Parents disagree. The urgency for water transcends just water fountains, says Belem Librado Velázquez. Children need to be able to use the facilities, she says.
Librado Velázquez and her two sons, Kevin Quintero Librado, 13, and Daniel Quintero Librado, 7, live and study in the Iztapalapa delegation.
Daniel’s school doesn’t have consistent water, which makes it difficult for students to use the toilets, Librado Velázquez says. She makes sure her children use the bathroom each morning before they go to school.
On a few occasions, teachers at Kevin’s school recommended that students stay home because the bathrooms were unusable, Librado Velázquez says.
Both of her sons’ schools often have water delivered by truck, she says.
This is nothing new. Librado Velázquez, 36, moved to the delegation when she was 9 years old, and there have been water supply problems for some time.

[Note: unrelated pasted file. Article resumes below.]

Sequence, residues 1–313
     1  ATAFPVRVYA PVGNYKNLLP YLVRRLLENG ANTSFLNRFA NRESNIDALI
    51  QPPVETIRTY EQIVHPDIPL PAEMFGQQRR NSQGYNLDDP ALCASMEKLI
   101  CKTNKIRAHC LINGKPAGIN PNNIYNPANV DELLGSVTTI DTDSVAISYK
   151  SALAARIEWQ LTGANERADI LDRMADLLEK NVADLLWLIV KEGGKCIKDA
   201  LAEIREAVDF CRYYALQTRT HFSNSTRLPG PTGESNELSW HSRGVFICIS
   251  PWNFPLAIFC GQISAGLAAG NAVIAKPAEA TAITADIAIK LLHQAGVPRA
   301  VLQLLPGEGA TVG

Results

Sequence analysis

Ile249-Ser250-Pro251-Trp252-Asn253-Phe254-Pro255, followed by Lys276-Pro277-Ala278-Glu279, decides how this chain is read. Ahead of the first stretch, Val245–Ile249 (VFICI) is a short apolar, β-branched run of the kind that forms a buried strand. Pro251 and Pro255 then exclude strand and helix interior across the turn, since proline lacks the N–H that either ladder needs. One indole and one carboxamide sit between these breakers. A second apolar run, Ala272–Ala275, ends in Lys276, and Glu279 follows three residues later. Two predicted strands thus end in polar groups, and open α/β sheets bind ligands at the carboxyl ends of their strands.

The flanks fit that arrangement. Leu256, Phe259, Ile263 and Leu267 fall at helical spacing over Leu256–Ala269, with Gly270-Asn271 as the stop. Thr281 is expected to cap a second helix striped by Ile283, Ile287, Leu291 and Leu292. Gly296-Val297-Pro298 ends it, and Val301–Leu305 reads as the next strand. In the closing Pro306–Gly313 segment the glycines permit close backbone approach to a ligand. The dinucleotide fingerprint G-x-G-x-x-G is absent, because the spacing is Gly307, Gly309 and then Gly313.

Water is pumped into homes in her neighborhood through the public hydraulics network, but it isn’t consistent, Librado Velázquez says. She only receives water through her home’s pipes about one day a week. In order to deal with the shortages, she and her family now rely on water trucks. She spends 150 pesos ($8.55) on water once a week.
Children who attend schools that don’t have adequate water supplies risk their health, says Ronald Sawyer, executive director of Sarar Transformación, an organization that campaigns for greater water access and implements water and sanitation systems in Mexico. Plus, he says, they lose out on an opportunity to develop good sanitation habits.
“[It’s] very important that they have conditions that protect their health and physical integrity,” Sawyer says. “But also that they create certain standard levels that can be brought to their homes.”
For children who deal with dry water spouts and toilets that don’t flush, the issue comes down to fairness. Water is a necessity, says Carlos, the 7-year-old student.
“I think it’s unfair that there is no water in the schools and in the bathrooms, because water is needed,” he says.
Rishi Khalsa, GPJ, translated this article from Spanish.